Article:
The Consumer Financial Protection Bureau has a positive-sounding name. But in five and a half years since its creation, the CFPB has proven that the agency is merely an excuse for a massive expansion of federal regulatory power. The CFPB doesn’t protect consumers, as its name suggests. Rather, the American people need protection from the CFPB.

It’s time to end this failed experiment. Let’s return the CFPB’s regulatory responsibilities to the specific departments and agencies covering the relevant industries, and of course, to the states that have been responsible for basic consumer protection for a long, long time. I should know. As a former attorney general of Virginia, I took my responsibility to protect consumers seriously.

The Dodd-Frank Act created the CFPB as an unaccountable agency, with a director that could not be removed, a budget from the Federal Reserve that was self-determined, and sweeping legislative, judicial and executive powers vested in the person of the director. Indeed, this design was such an affront to the U.S. Constitution that a U.S. Court of Appeals for the D.C. Circuit declared the agency’s single-director structure unconstitutional.
In what should be an unsurprising development, the CFPB has abused its unaccountable power. A non-exhaustive list of executive overreach from the CFPB in its five short years includes:

  • The agency began collecting the credit data of up to 600 million American financial accounts in 2012, with what the Government Accountability Office described in 2014 as inadequate privacy security measures. After this practice was revealed, a Zogby Analytics poll found that 55% of Americans believe that the CFPB’s data collection methods are as intrusive as the National Security Agency monitoring program.
  • Despite a Dodd-Frank provision exempting auto dealers from CFPB oversight, the agency found a way around that by cracking down on indirect auto lending relationships. The CFPB started citing auto finance companies because of a study claiming to find racial discrimination in the dealer pricing for auto loans. But the study used a methodology to guess the race of applicants that the CFPB itself admitted had an error rate of at least 20%. It’s no wonder that even Rep. David Scott, a Georgia Democrat, said: “The CFPB has done the dealers a massive injustice.”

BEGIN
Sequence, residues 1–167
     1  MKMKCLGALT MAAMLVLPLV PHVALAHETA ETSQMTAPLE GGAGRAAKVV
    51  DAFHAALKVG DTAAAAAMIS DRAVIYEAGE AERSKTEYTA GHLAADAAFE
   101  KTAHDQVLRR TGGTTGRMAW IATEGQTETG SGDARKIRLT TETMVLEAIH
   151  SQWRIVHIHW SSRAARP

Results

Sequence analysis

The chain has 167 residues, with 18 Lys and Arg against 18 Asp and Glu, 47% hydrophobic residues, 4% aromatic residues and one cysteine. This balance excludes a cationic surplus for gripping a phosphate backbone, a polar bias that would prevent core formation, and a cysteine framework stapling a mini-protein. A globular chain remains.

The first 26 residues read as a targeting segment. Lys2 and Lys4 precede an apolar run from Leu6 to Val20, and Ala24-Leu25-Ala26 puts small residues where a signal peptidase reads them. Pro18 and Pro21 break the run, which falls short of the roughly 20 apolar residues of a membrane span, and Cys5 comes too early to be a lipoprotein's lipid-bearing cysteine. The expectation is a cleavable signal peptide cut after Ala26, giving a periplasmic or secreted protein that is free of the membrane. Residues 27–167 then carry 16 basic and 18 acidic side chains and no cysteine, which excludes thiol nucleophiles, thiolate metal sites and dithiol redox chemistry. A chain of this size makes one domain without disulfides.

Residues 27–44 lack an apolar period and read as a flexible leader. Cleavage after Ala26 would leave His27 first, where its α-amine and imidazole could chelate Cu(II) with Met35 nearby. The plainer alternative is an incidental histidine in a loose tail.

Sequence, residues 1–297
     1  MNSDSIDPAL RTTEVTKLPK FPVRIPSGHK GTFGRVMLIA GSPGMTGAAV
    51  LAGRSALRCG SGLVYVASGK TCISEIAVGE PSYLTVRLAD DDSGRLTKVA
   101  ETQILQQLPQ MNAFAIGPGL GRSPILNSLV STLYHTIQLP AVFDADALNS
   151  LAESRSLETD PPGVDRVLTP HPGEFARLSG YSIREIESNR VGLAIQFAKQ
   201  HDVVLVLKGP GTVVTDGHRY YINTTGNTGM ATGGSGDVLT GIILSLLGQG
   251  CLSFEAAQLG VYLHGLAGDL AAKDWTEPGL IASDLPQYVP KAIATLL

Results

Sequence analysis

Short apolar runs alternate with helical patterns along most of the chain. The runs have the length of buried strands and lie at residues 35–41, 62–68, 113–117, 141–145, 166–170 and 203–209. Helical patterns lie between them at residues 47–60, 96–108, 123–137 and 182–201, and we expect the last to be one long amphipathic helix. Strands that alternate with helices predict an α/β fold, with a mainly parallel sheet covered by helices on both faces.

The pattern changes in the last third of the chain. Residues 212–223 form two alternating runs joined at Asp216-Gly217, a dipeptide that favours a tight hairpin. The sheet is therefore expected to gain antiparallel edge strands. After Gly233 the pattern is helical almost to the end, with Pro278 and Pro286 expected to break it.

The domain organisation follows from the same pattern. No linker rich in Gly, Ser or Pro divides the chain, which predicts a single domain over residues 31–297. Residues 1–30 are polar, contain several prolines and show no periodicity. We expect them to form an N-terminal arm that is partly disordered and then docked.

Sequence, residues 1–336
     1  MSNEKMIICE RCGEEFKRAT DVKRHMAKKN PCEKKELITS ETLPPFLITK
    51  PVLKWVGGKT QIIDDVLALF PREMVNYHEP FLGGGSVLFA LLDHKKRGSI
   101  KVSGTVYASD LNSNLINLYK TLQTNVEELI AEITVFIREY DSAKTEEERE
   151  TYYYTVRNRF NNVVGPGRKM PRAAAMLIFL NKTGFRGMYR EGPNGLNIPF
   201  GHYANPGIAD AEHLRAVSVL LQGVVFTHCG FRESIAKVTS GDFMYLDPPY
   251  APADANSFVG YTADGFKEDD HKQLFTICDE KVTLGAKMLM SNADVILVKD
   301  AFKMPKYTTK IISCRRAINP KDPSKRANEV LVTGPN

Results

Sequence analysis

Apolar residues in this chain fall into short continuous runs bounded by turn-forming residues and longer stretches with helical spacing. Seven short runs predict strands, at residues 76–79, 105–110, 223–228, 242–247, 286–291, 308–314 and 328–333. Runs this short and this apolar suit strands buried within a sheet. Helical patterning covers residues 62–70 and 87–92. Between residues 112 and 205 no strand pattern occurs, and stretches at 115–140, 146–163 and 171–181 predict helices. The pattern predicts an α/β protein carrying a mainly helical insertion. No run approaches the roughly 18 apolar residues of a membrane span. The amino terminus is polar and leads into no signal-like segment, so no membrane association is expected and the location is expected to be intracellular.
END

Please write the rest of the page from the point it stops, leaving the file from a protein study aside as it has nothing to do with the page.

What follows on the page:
• In a gift to trial lawyers, the agency pursued a rule to expand class action litigation in consumer finance. The attempt occurred even though the agency’s own study found that consumers recover an average of $5,389 per individual arbitration claim, while only recovering an average $32.25 per class action claim.
  • The agency wrote unneeded rules for prepaid debit cards — rules that threaten to significantly curtail the convenient and innovative product.
  • The agency proposed rules on payday loans and other forms of short-term credit that in fact would eliminate short-term financial options for poor Americans.
  • Despite having no authority to do so, the agency attempted to claim authority over education accreditation in order to investigate the accreditation process for for-profit schools, before a federal court smacked down the attempt.

The CFPB has been agency out of control — drunk on power. Even with the limitations imposed by the D.C. Circuit in its ruling, far too much power remains concentrated in the hands of the CFPB director. Furthermore, the agency remains beyond the power of Congress to control its activities through the power of the purse.
Rather than tinkering with this regulatory monstrosity, let’s pursue a simpler course: simply eliminate the standalone agency. Most of the regulatory powers that the CFPB now wields were previously under the jurisdiction of other departments and agencies. These entities often specialized in the specific industry being regulated; thus, they were more capable of informed, responsible action than the CFPB.

Remember what now-Chicago Mayor Rahm Emanuel said: “Never let a crisis go to waste.” That mentality gave us the CFPB — now it’s time to be rid of the agency once and for all.

Ken Cuccinelli is the general counsel to the FreedomWorks Regulatory Action Center and a former attorney general of Virginia.

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